Identity Theft Biggest Challenge Facing IRS Today


“Refund fraud caused by identity theft is one of the biggest challenges facing the IRS today,” Danny Werfel, Principal Deputy Commissioner of the IRS, told the House subcommittee of the Oversight and Government Reform panel.

Werfel recently spoke before the 2013 IRS Nationwide Tax Form saying that more than 3,000 IRS employees are currently working on identity theft – more than double the number at the start of the previous filing season. Another 35,000 employees have been trained to work with taxpayers to recognize identity theft and help victims. So far this calendar year, the IRS has worked with victims to resolve more than 565,000 cases. This is more than three times the number of identity theft victim cases that we had resolved at the same time last year.

The IRS has also expanded it’s fraud detection efforts by increasing the number and quality of identity theft screening filters, and have suspended or rejected more than 4.6 million suspicious returns so far this calendar year. The number of identity theft investigations by the Criminal Investigation division continues to rise, with more than 1,100 investigations opened so far in FY 2013.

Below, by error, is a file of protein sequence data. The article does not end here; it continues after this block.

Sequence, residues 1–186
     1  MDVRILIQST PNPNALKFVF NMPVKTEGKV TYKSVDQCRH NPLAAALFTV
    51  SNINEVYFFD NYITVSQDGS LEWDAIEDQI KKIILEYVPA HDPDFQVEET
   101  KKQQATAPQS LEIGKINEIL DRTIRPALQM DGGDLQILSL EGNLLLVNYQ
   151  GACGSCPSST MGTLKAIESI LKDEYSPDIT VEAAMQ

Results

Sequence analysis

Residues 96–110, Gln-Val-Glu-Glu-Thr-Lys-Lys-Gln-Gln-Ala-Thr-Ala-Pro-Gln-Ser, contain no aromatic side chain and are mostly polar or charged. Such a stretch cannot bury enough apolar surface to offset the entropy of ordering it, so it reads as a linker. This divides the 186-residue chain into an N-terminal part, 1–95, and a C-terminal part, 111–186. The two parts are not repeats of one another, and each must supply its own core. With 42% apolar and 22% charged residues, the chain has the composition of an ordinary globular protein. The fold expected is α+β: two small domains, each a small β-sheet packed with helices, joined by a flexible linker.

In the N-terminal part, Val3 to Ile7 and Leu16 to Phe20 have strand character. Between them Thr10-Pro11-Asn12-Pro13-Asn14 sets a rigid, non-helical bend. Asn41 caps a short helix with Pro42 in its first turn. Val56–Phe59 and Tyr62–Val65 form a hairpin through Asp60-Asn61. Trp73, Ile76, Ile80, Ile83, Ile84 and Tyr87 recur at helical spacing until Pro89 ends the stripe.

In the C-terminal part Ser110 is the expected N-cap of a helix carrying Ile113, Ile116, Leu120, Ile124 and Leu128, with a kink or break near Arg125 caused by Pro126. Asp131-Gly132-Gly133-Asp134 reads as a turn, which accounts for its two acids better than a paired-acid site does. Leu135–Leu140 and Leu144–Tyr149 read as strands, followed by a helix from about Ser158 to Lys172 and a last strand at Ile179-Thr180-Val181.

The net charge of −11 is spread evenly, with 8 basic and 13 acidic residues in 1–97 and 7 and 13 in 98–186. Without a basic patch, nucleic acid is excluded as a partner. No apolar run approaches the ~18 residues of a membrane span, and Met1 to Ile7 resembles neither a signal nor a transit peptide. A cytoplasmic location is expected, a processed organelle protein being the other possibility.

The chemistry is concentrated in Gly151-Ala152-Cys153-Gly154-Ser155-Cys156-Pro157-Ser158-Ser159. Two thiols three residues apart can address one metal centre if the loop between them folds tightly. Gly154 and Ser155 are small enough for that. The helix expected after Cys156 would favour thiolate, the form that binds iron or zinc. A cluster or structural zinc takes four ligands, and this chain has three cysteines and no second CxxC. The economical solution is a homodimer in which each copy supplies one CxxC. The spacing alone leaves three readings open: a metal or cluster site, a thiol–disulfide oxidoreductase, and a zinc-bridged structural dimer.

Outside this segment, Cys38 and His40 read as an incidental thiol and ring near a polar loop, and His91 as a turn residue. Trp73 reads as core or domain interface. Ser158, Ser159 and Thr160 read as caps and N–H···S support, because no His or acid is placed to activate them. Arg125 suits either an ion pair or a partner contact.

Criminals with access to taxpayers’ identifying information—sometimes from death records or employer payroll files—can create fraudulent tax returns and obtain refunds before the actual taxpayer is aware of the theft.

Thieves normally file early in the tax-filing season, often before the IRS has received Forms W-2 or 1099, to thwart information matching and avoid receiving duplicate return notices from the IRS. Taxpayers sometimes discover they are victims of identity theft when they receive a notice from the IRS stating that “more than one tax return was filed with their information or that IRS records show wages from an employer the taxpayer has not worked for in the past”

Obama’s 2014 budget plan included proposals to curb a rise in identity theft occurring through tax returns. It called for a $5,000 civil penalty for tax-related identity theft, restricting access to Social Security death records and allowing employers to avoid putting Social Security numbers on W-2 wage reporting forms.

If you believe you are a victim of identity theft, please contact Steve Siesser at